Roads Taken and Not Taken: Allison G. (Cohen) Marvin '93
As a comparative literature major at Haverford, my favorite assignments allowed me to juxtapose art and language, like looking at an early cubist painting by Picasso through the lens of a two-line poem by Ezra Pound. I considered graduate school in comparative literature or art history (which I minored in), but the hefty foreign language requirements and the notion of more academia without a clear professional goal had no appeal.
I knew I loved art. I just didn't know how to channel the interest.
So I headed to the University of Virginia law school to become an“art lawyer.” Rather than study art for art's sake, I would learn how to advise artists, galleries and museums. I landed a job at a major D.C. law firm, where I was fortunate to work with clients like the Smithsonian Institution. But after several years, I realized that no matter who my clients were, it wasn't enough to advise art world players; I wanted to be an art world player.
As a young lawyer, I'd started a modest art collection and informally advised friends on what to buy. I'd also befriended leading galleries and dealers in D.C. and learned how the market worked. A high school friend who owns a successful gallery in New York City encouraged me to turn passion into career. It was the boost of confidence I needed. I left the law firm to start [art consulting firm] Sightline, four years ago this June.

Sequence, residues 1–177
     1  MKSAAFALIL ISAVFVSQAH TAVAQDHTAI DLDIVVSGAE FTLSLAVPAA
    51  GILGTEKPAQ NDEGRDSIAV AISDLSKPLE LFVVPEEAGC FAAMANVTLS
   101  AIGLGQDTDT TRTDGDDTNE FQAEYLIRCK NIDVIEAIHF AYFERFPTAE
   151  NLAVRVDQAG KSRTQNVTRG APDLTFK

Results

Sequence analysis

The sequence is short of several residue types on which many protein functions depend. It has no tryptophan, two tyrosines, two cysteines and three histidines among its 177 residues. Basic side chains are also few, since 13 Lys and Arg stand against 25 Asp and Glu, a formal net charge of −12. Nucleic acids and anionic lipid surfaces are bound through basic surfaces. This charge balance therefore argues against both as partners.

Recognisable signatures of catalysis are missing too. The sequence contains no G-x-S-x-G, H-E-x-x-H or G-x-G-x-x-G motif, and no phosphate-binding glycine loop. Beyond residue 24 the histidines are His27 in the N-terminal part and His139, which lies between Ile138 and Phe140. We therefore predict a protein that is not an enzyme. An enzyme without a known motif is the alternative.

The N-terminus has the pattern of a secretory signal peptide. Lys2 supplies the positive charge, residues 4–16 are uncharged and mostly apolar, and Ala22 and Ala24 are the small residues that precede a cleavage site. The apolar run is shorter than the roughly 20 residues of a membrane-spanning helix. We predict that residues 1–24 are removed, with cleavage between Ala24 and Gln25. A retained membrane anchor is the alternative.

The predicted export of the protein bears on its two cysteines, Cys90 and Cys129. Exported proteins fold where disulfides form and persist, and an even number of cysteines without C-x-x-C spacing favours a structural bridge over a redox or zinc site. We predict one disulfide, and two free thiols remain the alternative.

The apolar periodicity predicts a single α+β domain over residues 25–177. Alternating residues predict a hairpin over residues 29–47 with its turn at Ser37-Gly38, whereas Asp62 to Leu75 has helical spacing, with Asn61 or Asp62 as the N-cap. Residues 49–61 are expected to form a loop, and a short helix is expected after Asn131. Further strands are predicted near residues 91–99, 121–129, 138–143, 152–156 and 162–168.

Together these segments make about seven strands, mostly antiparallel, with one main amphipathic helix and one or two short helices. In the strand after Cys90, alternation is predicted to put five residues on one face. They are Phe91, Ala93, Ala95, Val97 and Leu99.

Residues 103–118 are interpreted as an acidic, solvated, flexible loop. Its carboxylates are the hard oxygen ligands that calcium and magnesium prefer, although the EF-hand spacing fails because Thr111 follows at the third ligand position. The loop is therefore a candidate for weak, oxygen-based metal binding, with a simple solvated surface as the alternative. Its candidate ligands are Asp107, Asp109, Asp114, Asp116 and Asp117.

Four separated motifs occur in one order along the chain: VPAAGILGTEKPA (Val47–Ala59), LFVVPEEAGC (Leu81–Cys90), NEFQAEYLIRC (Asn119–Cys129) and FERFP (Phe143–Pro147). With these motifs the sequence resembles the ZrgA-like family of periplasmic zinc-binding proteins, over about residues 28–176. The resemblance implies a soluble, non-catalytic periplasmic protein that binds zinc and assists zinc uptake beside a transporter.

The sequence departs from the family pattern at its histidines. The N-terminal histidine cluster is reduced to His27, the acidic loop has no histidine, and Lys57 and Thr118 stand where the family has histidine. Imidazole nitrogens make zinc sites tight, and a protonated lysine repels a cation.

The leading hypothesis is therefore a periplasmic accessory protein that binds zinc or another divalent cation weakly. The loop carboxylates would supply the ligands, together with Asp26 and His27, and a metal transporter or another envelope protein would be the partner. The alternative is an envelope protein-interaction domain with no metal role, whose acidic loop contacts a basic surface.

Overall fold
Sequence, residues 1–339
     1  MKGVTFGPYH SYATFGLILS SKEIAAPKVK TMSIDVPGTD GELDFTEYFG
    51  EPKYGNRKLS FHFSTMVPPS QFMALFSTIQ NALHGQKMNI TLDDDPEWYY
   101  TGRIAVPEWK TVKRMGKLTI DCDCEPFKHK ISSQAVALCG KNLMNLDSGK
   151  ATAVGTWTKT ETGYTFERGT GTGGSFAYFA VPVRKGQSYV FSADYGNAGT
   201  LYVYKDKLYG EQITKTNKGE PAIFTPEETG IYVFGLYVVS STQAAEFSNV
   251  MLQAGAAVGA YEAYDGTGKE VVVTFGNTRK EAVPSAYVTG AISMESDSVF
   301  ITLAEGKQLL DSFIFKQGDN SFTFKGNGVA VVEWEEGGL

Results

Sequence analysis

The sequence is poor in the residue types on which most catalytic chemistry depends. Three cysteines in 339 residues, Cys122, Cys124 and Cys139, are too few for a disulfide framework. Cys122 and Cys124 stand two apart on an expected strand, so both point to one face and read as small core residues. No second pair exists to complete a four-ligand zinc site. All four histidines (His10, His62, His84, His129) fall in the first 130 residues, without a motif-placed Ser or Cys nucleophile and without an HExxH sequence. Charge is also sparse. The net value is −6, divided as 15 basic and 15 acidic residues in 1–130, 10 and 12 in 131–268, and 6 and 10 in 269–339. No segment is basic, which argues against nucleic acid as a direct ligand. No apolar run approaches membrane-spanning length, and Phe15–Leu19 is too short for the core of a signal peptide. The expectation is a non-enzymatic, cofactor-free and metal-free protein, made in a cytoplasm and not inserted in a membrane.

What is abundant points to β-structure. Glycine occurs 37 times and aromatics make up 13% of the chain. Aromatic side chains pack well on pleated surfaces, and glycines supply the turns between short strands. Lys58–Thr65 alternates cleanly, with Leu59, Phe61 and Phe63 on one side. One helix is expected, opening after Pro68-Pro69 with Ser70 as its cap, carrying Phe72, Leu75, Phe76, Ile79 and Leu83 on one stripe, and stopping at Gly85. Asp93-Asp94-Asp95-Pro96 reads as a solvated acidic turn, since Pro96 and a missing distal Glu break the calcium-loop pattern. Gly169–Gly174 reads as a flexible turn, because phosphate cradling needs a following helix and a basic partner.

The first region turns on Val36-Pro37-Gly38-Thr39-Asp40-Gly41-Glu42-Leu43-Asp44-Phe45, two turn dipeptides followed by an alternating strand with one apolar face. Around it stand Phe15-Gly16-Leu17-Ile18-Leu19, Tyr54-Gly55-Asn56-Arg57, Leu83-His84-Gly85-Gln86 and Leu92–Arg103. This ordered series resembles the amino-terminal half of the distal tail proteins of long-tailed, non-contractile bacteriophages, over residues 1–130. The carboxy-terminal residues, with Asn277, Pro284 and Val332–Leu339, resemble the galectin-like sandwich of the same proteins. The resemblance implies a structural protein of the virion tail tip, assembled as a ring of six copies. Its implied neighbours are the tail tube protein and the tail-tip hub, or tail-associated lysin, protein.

I recently married a fellow contemporary art fan, moved to San Francisco and then, within the same year, we moved back to D.C. Now, I'm working to build Sightline on both coasts. I offer city-wide art tours, participate on art collecting panels, and collaborate with well-known designers and architects. Through these activities, I've generated some good press in both D.C. and San Francisco.
But it's hard to operate as a small business owner. Some days I'm tempted to give up the art consulting gig, which requires an endless supply of self-motivation, and instead work for a boss who hands me duties, art-related or not. Certainly that would be easier in some respects, but probably not as satisfying. Really, there's nothing I enjoy more in a professional sense than finding just the right work of art for a client. When the click happens, it's a powerful moment.
Other days I wonder why I got a law degree instead of a master's in museum or curatorial studies. However, practicing law did train me to parse through a lot of options and to understand client aspirations and needs, important skills for an art consultant.
I figure if I stick to what I love, then my path will be enjoyable, no matter the mix. I'd like to curate gallery exhibitions, write reviews and offer more art tours in San Francisco, D.C. and New York City. Or even Miami during the Art Basel mega fair, where around every corner, I can revisit a favorite work or discover a new artist, for a client or myself.